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Friday P.M. Report

Boston Scientific reportedly may unload divisions, ev3 CEO received $2.8M, Hecker girlfriend charged with lying, megamall Radisson sold, and suit claims owner drained millions from Buffets Holdings.

Report: Boston Scientific may unload divisions: Medical-device maker Boston Scientific is looking to unload its Target Therapeutics and neuromodulation units, according to a Bloomberg News report, citing a person with knowledge of the matter. Bank of America Corp. has been hired by Boston Scientific to advise on the possible sales, the source said. Boston Scientific has major operations in Arden Hills and Maple Grove. Read full story

Ev3 CEO received $2.8 million last year: Ev3 Inc. CEO Robert Palmisano received nearly $2.8 million in compensation in 2009, his first full year as top executive at the medical device-maker. Palmisano joined Plymouth-based ev3 in April of 2008 and received $4.4 million in compensation for that year. The majority of that amount came in the form of options awards. For 2009, Palmisano received a salary of $600,000, up from $441,153 for 2008. Read full story

Hecker’s girlfriend charged with lying under oath: Denny Hecker’s girlfriend has been charged with lying while under oath in the former auto dealer’s $767 million bankruptcy case, Minnesota’s U.S. Attorney’s Office said today. Christi Michele Rowan, 36, of Wayzata, was charged in federal court with bankruptcy fraud for testimony given on Oct. 13, 2009. Rowan was also charged with one count of bank fraud for allegedly attempting to defraud Endura Federal Credit Union while applying to finance a 2008 Land Rover in April, 2009. Read full story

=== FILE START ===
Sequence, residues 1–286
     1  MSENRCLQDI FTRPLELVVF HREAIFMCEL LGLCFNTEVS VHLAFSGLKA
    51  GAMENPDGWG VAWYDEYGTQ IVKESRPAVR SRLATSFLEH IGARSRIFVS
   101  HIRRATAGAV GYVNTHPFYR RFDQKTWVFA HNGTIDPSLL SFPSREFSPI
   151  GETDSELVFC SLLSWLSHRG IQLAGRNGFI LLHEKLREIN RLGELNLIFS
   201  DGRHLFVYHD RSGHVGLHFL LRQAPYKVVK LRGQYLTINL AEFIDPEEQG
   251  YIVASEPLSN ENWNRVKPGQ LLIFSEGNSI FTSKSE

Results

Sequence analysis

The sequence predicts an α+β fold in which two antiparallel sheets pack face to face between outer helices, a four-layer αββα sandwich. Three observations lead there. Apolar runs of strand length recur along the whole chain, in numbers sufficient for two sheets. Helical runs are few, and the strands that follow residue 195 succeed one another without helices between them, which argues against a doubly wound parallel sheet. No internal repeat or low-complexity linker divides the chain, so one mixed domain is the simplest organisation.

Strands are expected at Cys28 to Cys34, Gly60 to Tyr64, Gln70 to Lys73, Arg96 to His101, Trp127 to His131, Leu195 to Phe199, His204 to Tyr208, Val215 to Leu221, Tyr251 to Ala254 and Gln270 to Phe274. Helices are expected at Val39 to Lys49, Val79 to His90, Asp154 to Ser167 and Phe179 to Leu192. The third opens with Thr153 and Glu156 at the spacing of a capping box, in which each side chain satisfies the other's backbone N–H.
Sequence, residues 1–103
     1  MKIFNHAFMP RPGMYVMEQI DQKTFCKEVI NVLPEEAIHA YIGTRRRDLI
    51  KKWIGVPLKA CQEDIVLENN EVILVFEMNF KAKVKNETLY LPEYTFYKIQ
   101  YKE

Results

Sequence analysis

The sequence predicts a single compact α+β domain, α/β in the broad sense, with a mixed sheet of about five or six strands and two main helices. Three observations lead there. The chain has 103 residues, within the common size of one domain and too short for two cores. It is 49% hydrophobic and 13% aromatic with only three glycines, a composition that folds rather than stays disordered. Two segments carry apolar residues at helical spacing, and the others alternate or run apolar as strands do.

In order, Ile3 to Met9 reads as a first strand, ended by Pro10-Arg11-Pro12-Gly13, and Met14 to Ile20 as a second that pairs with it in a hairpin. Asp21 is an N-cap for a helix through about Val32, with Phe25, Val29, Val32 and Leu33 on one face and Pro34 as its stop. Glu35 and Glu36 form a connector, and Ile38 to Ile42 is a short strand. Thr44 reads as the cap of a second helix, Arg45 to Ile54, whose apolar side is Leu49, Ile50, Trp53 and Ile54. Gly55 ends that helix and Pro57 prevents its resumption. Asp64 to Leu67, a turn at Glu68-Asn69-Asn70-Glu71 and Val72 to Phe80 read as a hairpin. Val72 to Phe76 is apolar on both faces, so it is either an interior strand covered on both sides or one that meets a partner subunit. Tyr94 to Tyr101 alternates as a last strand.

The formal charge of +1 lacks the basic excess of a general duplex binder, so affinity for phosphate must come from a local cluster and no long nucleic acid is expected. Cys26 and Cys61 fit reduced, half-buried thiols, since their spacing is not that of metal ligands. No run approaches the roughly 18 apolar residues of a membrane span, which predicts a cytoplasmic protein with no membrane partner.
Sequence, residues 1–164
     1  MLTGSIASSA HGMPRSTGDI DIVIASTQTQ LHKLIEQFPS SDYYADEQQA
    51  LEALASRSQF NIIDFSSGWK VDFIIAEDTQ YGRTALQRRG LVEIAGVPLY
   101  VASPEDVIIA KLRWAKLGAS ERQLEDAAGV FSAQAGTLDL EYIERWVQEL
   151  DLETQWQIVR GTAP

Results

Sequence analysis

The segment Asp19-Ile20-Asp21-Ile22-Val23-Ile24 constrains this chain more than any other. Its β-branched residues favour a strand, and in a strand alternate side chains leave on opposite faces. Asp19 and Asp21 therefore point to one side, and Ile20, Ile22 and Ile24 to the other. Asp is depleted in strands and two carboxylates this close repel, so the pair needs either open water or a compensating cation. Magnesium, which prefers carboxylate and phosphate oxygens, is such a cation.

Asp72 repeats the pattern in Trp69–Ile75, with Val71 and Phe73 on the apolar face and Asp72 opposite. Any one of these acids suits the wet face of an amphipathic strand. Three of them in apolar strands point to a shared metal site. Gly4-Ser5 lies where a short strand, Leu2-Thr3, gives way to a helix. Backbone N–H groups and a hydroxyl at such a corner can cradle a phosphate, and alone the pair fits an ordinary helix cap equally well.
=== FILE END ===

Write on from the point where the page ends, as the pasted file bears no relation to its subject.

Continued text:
Mall of America Radisson sold to private-equity firm: The Radisson Hotel, adjacent to the Mall of America, has been sold to a New York-based private-equity firm. The deal also includes the Water Park of America, which is attached to the Bloomington-based hotel. The buyer, Wheelock Street Capital, did not disclose terms of the deal in a press statement today. Read full story

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Suit alleges owner drained hundreds of millions from Buffets Holdings: Restaurant operator Buffets Holdings wants more than $39 million in fees back from its former owner, saying in a new federal lawsuit that private equity firm drained cash from the company as it struggled to remain solvent. According to the suit, filed in Minneapolis’ U.S. District Court Thursday by the bankruptcy trustee for Eagan-based Buffets Holdings, Caxton-Iseman took the unnecessary advisory and transaction fees and more than $225 million in dividend recapitalizations that left the Old Country Buffet operator with more debt than it could stomach. Read full story